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The Juliana Lachat Conservation Center
Weston, CT

The Conservation Center is multi-purpose building complex at the center of the Gateway to the Devil’s Den project for the Nature Conservancy and the Town of Weston. Designed to attain LEED Gold certification, the Center provides a Visitor Center, classrooms, storage and utility spaces. The Visitor Center has an entry lobby with an information desk and space for educational and interpretive displays, meeting areas for indoor and outdoor programming, public meeting space for up to 100 persons, and shared toilet facilities. The Classroom facilities accommodate up to 60 students, are sub dividable into three smaller spaces, and have a wet lab, lab tables, counters, computer workstations, storage and support spaces.

Guiding principles for the building design include the following:
• Maintain the rural and agricultural character of the property while creating a distinctive presence for the center.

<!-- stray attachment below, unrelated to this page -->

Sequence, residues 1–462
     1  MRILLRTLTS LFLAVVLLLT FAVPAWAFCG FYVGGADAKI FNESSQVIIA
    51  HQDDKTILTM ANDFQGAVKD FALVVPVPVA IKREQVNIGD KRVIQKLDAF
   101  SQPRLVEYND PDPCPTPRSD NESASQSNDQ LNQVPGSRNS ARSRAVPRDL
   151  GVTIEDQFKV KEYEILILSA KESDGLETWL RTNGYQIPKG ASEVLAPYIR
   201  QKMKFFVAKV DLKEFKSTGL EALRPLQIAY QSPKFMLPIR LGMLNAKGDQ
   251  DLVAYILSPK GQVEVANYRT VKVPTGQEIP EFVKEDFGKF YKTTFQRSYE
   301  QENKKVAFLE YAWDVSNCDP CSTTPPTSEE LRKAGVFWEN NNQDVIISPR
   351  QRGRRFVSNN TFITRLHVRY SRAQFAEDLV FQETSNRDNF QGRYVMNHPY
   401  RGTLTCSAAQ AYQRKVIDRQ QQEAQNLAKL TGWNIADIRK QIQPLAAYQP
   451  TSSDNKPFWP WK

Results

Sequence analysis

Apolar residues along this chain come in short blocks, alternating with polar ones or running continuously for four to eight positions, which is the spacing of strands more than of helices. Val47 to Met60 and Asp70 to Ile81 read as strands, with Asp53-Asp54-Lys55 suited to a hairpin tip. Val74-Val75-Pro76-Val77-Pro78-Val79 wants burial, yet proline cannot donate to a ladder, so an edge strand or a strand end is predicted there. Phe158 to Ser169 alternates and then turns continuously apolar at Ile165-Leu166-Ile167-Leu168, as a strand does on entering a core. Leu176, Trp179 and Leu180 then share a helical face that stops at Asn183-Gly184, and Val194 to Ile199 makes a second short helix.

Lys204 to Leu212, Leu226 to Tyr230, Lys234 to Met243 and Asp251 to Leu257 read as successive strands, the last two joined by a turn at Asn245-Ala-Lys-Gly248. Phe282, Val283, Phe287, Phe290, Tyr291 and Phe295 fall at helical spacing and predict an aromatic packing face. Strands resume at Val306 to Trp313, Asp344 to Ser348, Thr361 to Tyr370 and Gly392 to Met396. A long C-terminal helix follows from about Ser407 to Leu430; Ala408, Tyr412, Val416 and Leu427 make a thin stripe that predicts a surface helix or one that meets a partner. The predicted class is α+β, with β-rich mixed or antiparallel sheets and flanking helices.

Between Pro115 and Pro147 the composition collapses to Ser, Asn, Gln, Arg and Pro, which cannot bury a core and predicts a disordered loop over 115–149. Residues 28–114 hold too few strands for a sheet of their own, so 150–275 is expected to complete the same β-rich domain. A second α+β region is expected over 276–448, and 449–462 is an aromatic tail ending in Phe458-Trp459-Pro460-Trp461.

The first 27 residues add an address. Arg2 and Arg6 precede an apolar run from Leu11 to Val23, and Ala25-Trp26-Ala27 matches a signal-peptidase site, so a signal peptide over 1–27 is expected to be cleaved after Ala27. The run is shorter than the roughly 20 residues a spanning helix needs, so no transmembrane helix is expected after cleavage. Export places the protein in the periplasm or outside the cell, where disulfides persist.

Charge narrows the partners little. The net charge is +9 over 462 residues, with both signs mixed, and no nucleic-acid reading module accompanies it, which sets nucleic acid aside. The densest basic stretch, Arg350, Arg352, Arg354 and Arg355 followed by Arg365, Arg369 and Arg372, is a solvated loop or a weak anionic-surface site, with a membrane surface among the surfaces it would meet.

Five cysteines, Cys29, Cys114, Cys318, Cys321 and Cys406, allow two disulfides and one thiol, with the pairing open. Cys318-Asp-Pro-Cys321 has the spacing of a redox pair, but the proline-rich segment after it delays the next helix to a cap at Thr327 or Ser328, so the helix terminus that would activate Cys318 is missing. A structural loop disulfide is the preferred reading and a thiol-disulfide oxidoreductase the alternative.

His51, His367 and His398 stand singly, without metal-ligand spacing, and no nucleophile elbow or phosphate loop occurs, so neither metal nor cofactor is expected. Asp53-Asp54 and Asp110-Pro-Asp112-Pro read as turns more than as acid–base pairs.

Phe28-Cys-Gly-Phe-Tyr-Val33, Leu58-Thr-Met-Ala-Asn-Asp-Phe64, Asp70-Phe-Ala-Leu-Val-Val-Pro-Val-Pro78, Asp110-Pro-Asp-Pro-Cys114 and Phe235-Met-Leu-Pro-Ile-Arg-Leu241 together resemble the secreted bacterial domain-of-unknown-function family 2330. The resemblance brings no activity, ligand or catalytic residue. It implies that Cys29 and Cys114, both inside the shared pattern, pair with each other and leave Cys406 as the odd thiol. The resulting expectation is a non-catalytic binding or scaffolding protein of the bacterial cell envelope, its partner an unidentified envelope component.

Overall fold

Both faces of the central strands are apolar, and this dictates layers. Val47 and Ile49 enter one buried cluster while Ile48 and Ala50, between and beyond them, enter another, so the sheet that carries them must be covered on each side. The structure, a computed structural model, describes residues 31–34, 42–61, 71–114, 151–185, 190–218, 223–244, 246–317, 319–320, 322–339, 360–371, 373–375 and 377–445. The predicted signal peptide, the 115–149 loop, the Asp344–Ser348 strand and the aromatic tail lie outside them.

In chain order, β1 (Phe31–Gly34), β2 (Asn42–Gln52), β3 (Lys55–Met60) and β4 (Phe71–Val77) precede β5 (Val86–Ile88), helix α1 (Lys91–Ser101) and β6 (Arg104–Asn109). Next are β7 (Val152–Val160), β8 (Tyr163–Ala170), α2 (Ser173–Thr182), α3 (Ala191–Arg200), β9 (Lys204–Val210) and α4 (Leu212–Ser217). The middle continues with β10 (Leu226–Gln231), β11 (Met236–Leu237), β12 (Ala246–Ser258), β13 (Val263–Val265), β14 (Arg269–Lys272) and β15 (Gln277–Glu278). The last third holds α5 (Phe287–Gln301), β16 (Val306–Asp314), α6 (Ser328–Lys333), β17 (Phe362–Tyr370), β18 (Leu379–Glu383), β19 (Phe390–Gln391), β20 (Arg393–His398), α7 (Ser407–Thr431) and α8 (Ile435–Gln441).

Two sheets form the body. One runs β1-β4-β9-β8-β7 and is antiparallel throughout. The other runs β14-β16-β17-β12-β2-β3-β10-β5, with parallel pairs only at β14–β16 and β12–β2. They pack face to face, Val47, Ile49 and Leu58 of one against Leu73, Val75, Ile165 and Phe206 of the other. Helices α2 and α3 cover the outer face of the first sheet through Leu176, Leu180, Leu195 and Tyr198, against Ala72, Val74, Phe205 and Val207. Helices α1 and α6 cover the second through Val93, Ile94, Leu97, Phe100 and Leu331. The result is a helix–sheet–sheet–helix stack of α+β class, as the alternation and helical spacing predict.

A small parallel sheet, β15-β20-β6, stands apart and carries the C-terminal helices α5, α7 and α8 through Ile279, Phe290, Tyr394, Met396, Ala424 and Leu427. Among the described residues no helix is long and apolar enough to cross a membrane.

• Provide an enriching environmental setting to teach, learn, work and visit that will energize and inspire users and visitors.
• Design new construction for minimum energy and resource use over time.
• Optimize the use of renewable energy and materials.
• Minimize waste and pollution.
• Employ appropriate technology. Generally, use the simplest, most economical, currently available technology necessary for any given task. Possibly demonstrate more advanced or complex technologies for educational purposes.
• Make selection and decisions based primarily on life cycle costing. Emphasize durability and simplicity.

The different functions and uses of the Conservation Center are combined into a single building with varied massing inspired by connected barn structures once common in New England. The design fits aesthetically with the rural character of the property, minimizes the building footprint and resulting site disturbance, and allows for shared mechanical systems and utility spaces.

The Conservation Center is designed to benefit from passive solar gain, extensive daylighting, natural ventilation, night-time flushing, and no conventional air conditioning.
Radiant in-floor heating is provided by hot water from a shared, wood-pellet boiler housed in an existing farmhouse. In order to reduce the heating and cooling loads, the building envelope is designed as a super insulated, low infiltration envelope, with high efficiency windows and doors. Roof mounted photovoltaic panels provide on-site, renewable energy. All of the building construction and systems are designed to attain a net-zero energy goal, (i.e. the building creates as much energy as it consumes). This project was designed in conjunction with Edgcomb Design Group of Warren, VT.